A Matthew Vaughn (Kingsman: The Secret Service) film with spies, a stacked cast, and a mysterious plot — what could go wrong? Apparently, a lot. Argylle stars Bryce Dallas Howard (Jurassic World) as Elly Conway, a writer of a series of espionage thriller novels called “Argylle”. When Aidan, played by Sam Rockwell (Iron Man 2), saves her life, she is thrown into the world of espionage. Elly’s stories predicted real-world events, leading multiple agencies to keep tabs on her. Finishing her latest book is the only way Aidan can bring down The Division, an evil organization behind assassinations and other clandestine activities.
Henry Cavill (Man of Steel) plays the fictional Agent Argylle, who appears as Elly writes her book as well as whenever she inserts him in place of Aidan, with the action unfolding in front of her. Bryan Cranston (Breaking Bad) plays the stereotypical leader of The Division, while Catherine O’Hara (Schitt’s Creek) stars as Elly’s mom. Argylle’s story is mostly a fish out of water one, with twists and turns that try to both surprise and entertain. Because of that, it can be easily spoiled, but you should know we won’t be covering any of the twists with specificity in this review.
Argylle’s Too Much For Its Own Good
A good twist can make a mediocre movie interesting. Unfortunately, there are plenty of twists in Argylle and they range from utterly stupid to fine. By the time you get to the last 30 minutes of the film they actively make it worse, slowing down time and weighing on the pacing. It’s 139 minutes long, but it felt like I was sitting in the theater for four hours. Some of the twists are also contradictory. If you think about the decisions the characters make based on information provided in the movie not 30 minutes earlier, you realize that they don’t make any sense. It’s reminiscent of an Austin Powers movie, but instead of laughing you can’t help but cringe.
Too much happens in Argylle, sometimes awkwardly transitioning to the middle of a scene in the blink of an eye. These transitions combined with the weird visualizations of Agent Argylle have a disorienting effect. Now, that might be what Vaughn was going for, but it makes Argylle a worse film. The visual effects are frustratingly bad in some scenes. Most of the action scenes are set pieces, with one or two good ideas behind them. But, the actors usually look murky or it’s extremely obvious that it’s a visual effects shot.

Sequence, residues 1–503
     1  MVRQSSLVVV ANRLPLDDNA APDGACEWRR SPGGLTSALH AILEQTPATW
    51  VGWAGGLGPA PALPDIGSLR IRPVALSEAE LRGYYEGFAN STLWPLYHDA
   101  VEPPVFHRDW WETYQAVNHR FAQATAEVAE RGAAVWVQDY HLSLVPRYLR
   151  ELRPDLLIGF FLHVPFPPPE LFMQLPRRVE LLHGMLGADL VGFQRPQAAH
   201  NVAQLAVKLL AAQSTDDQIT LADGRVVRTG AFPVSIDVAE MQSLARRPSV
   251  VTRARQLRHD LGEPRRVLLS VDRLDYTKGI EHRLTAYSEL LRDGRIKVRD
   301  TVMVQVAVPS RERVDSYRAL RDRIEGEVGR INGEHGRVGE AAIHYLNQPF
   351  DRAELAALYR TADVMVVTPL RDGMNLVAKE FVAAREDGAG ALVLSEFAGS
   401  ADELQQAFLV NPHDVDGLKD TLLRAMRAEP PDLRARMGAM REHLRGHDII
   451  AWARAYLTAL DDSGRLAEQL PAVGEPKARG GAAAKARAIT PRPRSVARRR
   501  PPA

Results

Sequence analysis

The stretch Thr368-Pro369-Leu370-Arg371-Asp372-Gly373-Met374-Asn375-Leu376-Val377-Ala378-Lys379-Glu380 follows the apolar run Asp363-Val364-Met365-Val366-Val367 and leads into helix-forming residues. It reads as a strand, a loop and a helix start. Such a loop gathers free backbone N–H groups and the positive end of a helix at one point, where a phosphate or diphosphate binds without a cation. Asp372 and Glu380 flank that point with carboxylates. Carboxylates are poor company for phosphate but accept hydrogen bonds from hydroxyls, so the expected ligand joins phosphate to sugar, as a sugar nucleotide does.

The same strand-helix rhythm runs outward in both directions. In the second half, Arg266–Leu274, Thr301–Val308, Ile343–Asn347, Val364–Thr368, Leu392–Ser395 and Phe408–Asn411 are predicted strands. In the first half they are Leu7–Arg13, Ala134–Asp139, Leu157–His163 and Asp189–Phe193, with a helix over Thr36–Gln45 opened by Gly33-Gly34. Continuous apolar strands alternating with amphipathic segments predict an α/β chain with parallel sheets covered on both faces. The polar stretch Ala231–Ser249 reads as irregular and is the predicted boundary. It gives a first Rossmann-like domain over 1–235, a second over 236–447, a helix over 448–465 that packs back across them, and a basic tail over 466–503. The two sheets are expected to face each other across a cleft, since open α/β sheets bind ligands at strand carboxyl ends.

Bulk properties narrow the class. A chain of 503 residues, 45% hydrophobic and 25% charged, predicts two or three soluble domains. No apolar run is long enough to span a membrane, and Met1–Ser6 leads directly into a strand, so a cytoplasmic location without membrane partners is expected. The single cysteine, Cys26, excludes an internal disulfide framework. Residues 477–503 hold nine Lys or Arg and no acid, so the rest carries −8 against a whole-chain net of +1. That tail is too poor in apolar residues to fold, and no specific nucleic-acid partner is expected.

Some of the simpler exterior shots look awful too. A scene at the beginning has Argylle driving through a Greek town, grinding some stairs in a car like he’s playing a giant version of Tony Hawk’s Pro Skater. But during the grind, the car looks hideously out of place and Cavill looks somewhat monstrous. Thankfully, sometimes the ideas of the set pieces are interesting enough to overlook these flaws, or at least to enjoy those scenes despite them.
Not Entirely Devoid of Fun
The shining star of the film is Sam Rockwell. He plays Aidan like a dollar-store Ethan Hunt. He’s a competent spy, but messier than the idyllic Agent Argylle. Aidan’s mostly sarcastic and charismatic unless he’s gruffly complaining about the cat, Alfie. Without the drunken uncle charm of Rockwell, Argylle wouldn’t be memorable at all. He makes it worth the watch. This isn’t to say anyone else gives a terrible performance, either. Bryce Dallas Howard does the best with what she’s given, while Catherine O’Hara and Bryan Cranston nail their roles.
John Cena (Peacemaker) and Samuel L. Jackson (Pulp Fiction) are good too, while Cavill plays his part perfectly. Even with the goofy haircut, Argylle is suave when he needs to be, and when he parrots Elly’s inner thoughts, Cavill is genuinely funny. Argylle is an action-comedy, so there are a fair amount of jokes in the film. Luckily, not many of them fall flat, and most of the actors deliver them well. Cranston has some physical comedy with Elly’s cat that made me laugh, even though it was brief.
Argylle has a good soundtrack. The songs that are used accompany the scenes well, completing an action scene, or complementing a motif. However, they just repeat those few songs throughout the movie, so by the time it ends they just end up being repetitive. Thankfully, one of the songs is “Now and Then” by The Beatles, so hearing it a few times isn’t too bad. Vaughn’s sense of style is also all over the costume and production design, which look good in most scenes. That said, the sets did look a tad empty and bleak at times. The flashier scenes worked better for the tone of the movie.
Argylle is Exhausting and Forgettable
Ultimately, the twists and turns should tire out any audience member paying attention to the story. There are some fun moments with actors doing their very best to wring out something from an awful script, but there’s not much they could have done better. It’s visually murky with a repetitive soundtrack and an inconsistent style.
If you’re looking for a fun spy romp, there are better options for you to seek out, including the ones in Vaughn’s very own filmography. I can’t recommend watching Argylle in theaters. It might be best enjoyed on a plane or television while browsing channels in a couple of years. That way you can start it halfway through, not realize how much of the movie you missed, and not be as confused or as annoyed as if you were to watch it in a theater. You can catch Argylle in theaters now if you feel the need to do so.